Hyperbaric oxygen: Its uses, mechanisms of action and outcomes

  • Gill A
  • Bell C
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Hyperbaric oxygen therapy (HBO) is increasingly used in a number of areas of medical practice. It is a unique intervention whose method of action is not well understood. Clinicians may request its use for their patients, but often will not fully understand its mechanisms. It is hoped that this review and discussion of HBO and the literature surrounding its use may be useful to clinicians who are unsure whether their patients will benefit from this exciting intervention.
Hyperbaric oxygen therapy is defined by the Undersea and Hyperbaric Medical Society (UHMS) as a treatment in which a patient intermittently breathes 100% oxygen while the treatment chamber is pressurized to a pressure greater than sea level (1 atmosphere absolute, ATA).1 The pressure increase must be systemic, and may be applied in monoplace (single person) or multiplace chambers. Multiplace chambers are pressurized with air, with oxygen given via face-mask, hood tent or endotracheal tube; while monoplace chambers are pressurized with oxygen.
We began by obtaining the most recent UHMS committee report,1 and performed Medline searches (1966 to present), with the search terms ‘hyperbaric’ and ‘oxygen’, combining this basic search with searches for each of the thirteen indications recommended by the UHMS. Using information from these papers, and the resulting references, this paper outlines the history, physiology, current indications for and effects of hyperbaric oxygen therapy.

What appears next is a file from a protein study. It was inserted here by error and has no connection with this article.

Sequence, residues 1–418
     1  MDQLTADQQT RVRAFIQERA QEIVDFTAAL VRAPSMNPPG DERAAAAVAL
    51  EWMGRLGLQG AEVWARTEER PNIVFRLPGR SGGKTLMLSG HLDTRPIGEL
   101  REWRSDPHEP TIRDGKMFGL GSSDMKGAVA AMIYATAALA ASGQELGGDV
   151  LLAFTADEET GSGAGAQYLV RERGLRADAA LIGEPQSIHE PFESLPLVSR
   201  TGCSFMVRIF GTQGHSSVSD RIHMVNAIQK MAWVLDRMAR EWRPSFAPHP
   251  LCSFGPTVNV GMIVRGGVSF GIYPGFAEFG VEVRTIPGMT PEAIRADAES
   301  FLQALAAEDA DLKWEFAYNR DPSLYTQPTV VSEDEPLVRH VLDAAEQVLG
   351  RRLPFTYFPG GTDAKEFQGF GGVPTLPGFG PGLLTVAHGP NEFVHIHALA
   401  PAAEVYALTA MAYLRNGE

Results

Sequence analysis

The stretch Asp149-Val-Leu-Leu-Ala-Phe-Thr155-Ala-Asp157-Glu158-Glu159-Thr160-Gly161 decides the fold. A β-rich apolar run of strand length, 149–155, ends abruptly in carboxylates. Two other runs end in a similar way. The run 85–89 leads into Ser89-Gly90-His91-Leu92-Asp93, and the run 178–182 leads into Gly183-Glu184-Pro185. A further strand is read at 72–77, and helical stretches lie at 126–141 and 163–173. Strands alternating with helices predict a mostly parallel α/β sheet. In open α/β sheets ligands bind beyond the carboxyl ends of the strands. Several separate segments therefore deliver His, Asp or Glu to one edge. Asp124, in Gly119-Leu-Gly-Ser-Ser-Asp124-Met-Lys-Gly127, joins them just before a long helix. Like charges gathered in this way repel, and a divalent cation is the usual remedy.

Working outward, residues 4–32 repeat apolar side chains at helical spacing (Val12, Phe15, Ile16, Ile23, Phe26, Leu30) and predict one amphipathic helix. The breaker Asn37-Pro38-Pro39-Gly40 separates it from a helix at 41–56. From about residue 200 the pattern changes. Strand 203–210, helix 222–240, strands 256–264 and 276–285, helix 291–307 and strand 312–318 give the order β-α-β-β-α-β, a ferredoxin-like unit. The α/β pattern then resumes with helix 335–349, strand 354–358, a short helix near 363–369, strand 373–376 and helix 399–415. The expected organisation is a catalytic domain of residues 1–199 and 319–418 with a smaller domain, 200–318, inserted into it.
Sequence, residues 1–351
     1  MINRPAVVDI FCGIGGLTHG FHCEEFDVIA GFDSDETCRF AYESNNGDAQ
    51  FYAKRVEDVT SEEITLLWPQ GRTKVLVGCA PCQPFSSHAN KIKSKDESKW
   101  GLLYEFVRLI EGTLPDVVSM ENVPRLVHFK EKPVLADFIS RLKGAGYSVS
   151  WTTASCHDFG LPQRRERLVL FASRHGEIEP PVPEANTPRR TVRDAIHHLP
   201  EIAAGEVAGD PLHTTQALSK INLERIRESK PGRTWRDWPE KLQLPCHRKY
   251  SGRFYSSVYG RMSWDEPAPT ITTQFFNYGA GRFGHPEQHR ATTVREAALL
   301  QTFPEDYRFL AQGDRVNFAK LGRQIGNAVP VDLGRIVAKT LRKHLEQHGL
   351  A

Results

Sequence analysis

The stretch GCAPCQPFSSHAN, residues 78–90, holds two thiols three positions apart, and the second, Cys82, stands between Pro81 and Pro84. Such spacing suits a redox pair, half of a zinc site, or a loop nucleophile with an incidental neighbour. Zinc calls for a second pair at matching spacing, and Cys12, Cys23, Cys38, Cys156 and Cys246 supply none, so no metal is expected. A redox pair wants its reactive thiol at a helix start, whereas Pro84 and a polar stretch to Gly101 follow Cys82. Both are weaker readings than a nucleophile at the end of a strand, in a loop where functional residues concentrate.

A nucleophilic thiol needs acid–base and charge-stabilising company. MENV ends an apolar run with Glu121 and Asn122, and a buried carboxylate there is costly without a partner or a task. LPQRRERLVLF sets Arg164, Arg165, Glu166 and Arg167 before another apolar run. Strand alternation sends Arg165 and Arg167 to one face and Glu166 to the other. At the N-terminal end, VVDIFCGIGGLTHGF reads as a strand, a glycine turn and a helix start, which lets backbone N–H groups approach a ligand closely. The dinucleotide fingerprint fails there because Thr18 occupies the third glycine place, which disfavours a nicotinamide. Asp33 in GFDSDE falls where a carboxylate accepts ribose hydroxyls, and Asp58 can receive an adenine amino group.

History of hyperbaric medicine
Hyperbaric therapy was first documented in 1662, when Henshaw built the first hyperbaric chamber, or ‘domicilium’.2 Since this time, reports of beneficial effects from increased pressure have increased, and by 1877, chambers were used widely for many conditions, though there was little scientific rationale or evidence. In 1879, the surgical application of hyperbaric therapy in prolonging safe anaesthesia was realized and explored.3
In 1927, Cunningham4 reported improvement in circulatory disorders at sea level …

Address correspondence to Dr C.N.A. Bell, Division of Oral & Maxillo-Facial Surgery, Bristol Dental Hospital, Lower Maudlin Street, Bristol BS1 2LY. e-mail: chris.bell{at}bristol.ac.uk

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  • A. L. Gill

  • Chris N.A. Bell

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